About Data Funerals
Data Funerals, a design f(r)iction exploration
Data Funerals is a self-commissioned design fiction project by Design Friction. It includes a series of artefacts, scenarios, and a workshop to explore emerging and speculative rituals helping users to cope with failing data-driven services.
As hundreds of real-fictional rituals can be told, Data Funerals has been imagined as a participatory experiment, with a workshop, a toolkit and a call for contributions.
The fragileness of the data infrastructure
This is a starting point of our exploration. We are told we are about to become a digital civilisation. Anthropologists acknowledge funeral rites as one of the markers of civilisation. Yet, we don’t have rituals for gone data.
Over the last decades, data have become the essential building blocks of our so-called digital-driven society. However, they remain these still fragile, volatile and vulnerable pieces of our digital self even in an era of generalised backup. Leaks, hacking, misuses, startup bankruptcy, even if data are seen as immaterial and then eternal, they are exposed to a wide range of existential risks. What do we do when they cease to exist, leaving us without their binary complexity?
Ritual as a Service
Speculative scenarios from Data Funerals range from the very personal crafting of rituals to their commodification. Some rituals may be seen as actually efficient, others suggest they might be simple placebo. Nevertheless, all of them are based on the fragments of intricate psychological, cultural and even political aspects of dealing with disappearance. Avoiding the loss, mourning and coping, envisaging the afterlife, all of these elements also resonate in our relations to gone data.
In this sense, it is quite a challenge to evade the temptation of literal transposition of death rituals arranged for human beings to digital data. How different are the concepts of final disposition, personal grief, collective remembrance and religious beliefs when it comes to think about the “death” of a data? Should we even consider data definitely gone, or just temporarily inaccessible, as our connected reality tends to keep traces and copies of every thing on Earth?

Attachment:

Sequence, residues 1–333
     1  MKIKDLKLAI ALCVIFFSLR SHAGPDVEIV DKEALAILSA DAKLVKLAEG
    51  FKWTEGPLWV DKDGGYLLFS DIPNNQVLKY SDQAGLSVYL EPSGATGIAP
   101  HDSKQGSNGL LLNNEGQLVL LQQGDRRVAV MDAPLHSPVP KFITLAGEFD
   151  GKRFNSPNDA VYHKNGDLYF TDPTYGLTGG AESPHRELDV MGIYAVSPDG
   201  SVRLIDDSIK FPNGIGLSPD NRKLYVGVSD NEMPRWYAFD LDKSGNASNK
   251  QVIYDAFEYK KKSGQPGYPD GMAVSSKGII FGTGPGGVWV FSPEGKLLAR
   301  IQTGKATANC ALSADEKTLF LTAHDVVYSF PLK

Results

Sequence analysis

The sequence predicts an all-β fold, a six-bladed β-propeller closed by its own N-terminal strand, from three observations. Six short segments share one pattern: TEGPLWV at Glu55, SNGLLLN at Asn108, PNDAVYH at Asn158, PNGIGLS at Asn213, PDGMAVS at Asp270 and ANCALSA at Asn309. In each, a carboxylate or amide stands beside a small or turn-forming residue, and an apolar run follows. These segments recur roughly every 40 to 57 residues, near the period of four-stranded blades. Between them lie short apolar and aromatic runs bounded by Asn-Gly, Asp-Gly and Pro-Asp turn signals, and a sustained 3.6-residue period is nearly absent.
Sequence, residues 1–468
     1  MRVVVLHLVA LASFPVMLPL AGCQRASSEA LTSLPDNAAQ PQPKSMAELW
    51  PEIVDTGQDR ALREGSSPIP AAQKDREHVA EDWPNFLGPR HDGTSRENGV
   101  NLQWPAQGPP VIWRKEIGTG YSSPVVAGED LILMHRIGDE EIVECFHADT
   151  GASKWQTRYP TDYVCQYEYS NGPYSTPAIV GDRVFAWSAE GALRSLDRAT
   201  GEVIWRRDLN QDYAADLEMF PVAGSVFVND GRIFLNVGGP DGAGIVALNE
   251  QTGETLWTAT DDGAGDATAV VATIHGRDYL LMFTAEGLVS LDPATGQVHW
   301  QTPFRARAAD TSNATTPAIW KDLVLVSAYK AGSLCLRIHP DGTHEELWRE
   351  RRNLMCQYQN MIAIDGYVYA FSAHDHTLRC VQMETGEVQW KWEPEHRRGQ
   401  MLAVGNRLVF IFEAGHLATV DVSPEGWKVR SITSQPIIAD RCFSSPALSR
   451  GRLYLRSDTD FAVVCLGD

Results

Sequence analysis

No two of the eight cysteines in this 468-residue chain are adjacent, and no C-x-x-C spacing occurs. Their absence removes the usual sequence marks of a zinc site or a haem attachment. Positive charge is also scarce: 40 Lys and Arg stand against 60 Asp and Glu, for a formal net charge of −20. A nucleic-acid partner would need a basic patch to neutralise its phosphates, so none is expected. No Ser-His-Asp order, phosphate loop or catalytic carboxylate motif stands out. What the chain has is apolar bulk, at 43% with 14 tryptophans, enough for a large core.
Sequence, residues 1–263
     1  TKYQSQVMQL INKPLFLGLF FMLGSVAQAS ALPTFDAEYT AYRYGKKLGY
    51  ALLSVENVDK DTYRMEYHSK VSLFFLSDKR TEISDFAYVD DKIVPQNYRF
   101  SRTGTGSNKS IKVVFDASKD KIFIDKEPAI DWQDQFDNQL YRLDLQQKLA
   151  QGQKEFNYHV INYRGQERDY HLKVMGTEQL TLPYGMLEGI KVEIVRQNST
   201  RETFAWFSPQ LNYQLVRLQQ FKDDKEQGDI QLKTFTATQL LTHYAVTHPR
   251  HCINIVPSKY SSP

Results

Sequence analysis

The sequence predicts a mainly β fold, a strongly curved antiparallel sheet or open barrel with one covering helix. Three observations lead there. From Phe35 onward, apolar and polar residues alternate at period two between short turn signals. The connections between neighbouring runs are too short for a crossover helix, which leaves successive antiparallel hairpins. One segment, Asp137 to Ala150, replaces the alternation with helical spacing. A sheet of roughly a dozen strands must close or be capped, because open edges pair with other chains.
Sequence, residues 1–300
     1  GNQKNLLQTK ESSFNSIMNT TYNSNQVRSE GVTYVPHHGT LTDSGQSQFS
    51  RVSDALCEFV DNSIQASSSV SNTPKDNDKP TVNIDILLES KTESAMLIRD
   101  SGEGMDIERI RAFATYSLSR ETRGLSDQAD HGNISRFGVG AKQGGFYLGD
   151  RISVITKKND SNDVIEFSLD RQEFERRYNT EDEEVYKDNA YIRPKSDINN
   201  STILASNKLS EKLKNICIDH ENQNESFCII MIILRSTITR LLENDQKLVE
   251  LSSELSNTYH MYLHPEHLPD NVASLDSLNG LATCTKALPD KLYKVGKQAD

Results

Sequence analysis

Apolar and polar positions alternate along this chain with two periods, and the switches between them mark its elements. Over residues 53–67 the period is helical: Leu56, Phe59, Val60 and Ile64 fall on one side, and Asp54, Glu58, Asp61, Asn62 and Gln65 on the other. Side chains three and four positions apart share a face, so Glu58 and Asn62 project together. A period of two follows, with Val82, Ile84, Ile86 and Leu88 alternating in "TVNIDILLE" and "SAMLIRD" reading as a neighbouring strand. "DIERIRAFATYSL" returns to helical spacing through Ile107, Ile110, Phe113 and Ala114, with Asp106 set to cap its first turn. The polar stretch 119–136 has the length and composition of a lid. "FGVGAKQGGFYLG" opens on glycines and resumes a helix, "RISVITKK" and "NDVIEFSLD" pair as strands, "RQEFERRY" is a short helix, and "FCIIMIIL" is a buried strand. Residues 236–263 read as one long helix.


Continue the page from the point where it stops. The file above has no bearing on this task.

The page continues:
Actual implications of speculative applications
It is easy, and even quite expected, to have this pragmatic “so what?” moment when we are told to envisage specific rites and attention for the things we can’t even grasp. This project is a form of disagreement: envisioning funerals for data can be justified as the value of data isn’t based on its materiality, but on the emotional charge we place in them.
One of the purposes of design fiction is to inspire new perspectives and to think about socio-technological implications beyond a productivist imperative. Still, we see actionable insights to gather from this exercise.
Data loss is becoming more and more an unavoidable experience for one’s life. Then exploring and understanding how people try to overcome the loss of their cherished data can help us in designing better answers when the many data-driven services we have already adopted are failing us.
About Design Friction
Design Friction is a design studio exploring current and emerging issues related to social, cultural and technological changes experienced by our societies. Through speculative scenarios setting up imaginary spaces, objects and services, Design Friction approach provides a starting point for discussion on our expectations for the evolution of organisations. Projects from the studio are designed to be open and participatory, in order to address complex controversies to publics who are not aware of it.
By embedding questions in fictional products, we aim at helping to foster critical thinking on trends that will shape our futures. The provocative and reflexive scenarios as well as the related debates with stakeholders are decision-making tools to face uncertainty and complexity. We work for public and private organisations as well as on self-commissioned research.
www.design-friction.com / @Design_Friction
Acknowledgement and many thanks
Tomomi, Wilson, Rob, Sandra, Susanne and Thomas for the participation in our workshop “Requiem for a data” and the Interaction18 team for the neat organisation.
Palak Dudani, for the thoughtful conversation having inspired the missing pieces of Ghosts from your e-waste.
Tiphaine Hardy for the wonderful 3D renders of the engraved tablets of code.
S†ëfan Schaffer for the Everything Dies (Though it’s Never Been Alive) workshop and fellow workshop participants at Uroboros Festival, for the discussions having inspired the anti-memorial.